When Will My Insurance Under Obamacare End? Donald Trump Will Make It Happen Somehow

Republican presidential elect Donald Trump (L) gives a speech next to Chairman of the Republican National Committee (RNC) Reince Priebus (R) during election night at the New York Hilton Midtown in New York on November 9, 2016. Trump stunned America and the world Wednesday, riding a wave of populist resentment to defeat Hillary Clinton in the race to become the 45th president of the United States. / AFP / MANDEL NGAN (Photo credit should read MANDEL NGAN/AFP/Getty Images)
Source: MANDEL NGAN/AFP/Getty Images

President-elect Donald Trump stated repeatedly on the campaign trail that he fully intends to repeal and replace Obamacare, or the Affordable Care Act (ACA). The Department of Health and Human Services estimates that 20 million people now have health insurance due to the Act. When will your insurance under Obamacare end with Trump in the White House? That all depends on how far Trump takes his effort to dismantle the legislation.

A full-scale repeal of the law would be difficult; it would require the Senate to have 60 votes to overcome a likely filibuster from pro-Obamacare Democrats, NPR reported. Heading into 2017, Republicans maintain only a very slight majority in the Senate.

But there are several ways in which Trump could effectively shut down key aspects of the legislation unilaterally and immediately, effectively though not officially undoing it. The most effective swipe Trump could take at Obamacare would be to drop the current administration's appeal of a lawsuit entitled House v. Burwell. That suit was brought by House Republicans who charged that Obamacare's reimbursements to insurers are made with money that hasn't been appropriated by Congress, which they claim is unconstitutional.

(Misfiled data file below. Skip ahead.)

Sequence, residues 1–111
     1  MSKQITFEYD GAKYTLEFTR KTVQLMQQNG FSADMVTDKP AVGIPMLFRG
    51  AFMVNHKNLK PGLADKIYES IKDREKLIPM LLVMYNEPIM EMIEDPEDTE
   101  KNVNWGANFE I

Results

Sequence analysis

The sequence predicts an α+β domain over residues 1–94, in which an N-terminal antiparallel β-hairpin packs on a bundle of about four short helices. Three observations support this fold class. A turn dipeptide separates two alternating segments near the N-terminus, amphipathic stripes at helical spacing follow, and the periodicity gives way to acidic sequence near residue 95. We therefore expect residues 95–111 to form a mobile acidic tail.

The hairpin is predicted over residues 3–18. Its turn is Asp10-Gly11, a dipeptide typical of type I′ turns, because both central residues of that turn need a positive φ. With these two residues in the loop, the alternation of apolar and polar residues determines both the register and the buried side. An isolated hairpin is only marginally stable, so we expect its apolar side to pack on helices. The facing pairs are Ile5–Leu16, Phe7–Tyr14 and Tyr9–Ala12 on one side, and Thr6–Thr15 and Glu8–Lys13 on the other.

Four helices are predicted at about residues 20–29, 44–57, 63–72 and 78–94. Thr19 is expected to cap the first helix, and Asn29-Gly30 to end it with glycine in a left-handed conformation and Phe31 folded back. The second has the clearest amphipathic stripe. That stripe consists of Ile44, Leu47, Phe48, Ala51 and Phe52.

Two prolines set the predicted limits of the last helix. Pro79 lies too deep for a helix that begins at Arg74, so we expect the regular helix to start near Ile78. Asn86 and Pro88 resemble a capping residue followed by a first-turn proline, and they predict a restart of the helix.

A Federal District Court ruled in favor of the Republicans, but isn't enforcing it until a higher court rules on the appeal. If Trump dropped the appeal, enforcement would kick in. Why would this be catastrophic for Obamacare? Those reimbursements go to insurers who give big discounts to the working poor, accounting for more than half of Obamacare recipients. The discounted rates are required by the ACA; without reimbursements, insurers would be very likely to simply drop out of the exchange.

The move to drop the appeal could make a real fast impact on Obamacare, but the question we have to ask is: Would Trump endeavor such a move without first having something else in place, and without providing for a transition period for those currently insured under the ACA (something Vice President-elect Mike Pence promised would occur)? Trump has advanced some proposals for replacing Obamacare throughout his campaign — increasing intrastate competition, encouraging personal health care savings with tax-free accounts, and allowing people to deduct premiums from their income taxes being primary among them.

But these things take time to put into play, and they might not be adequate to replace insurance for those who would lose their Obamacare coverage. As The New York Times reported, insurers don't tend to be keen on intrastate competition because of the cost of setting up contracts with doctors and hospitals out of state. And changes to the tax code must go through Congress.

Obamacare is likely to fundamentally change under a Trump administration. How much and how quickly depends on which route he pursues to dismantle it, and, hopefully, how quickly he implements measures to replace that insurance for the many who will lose their coverage. 

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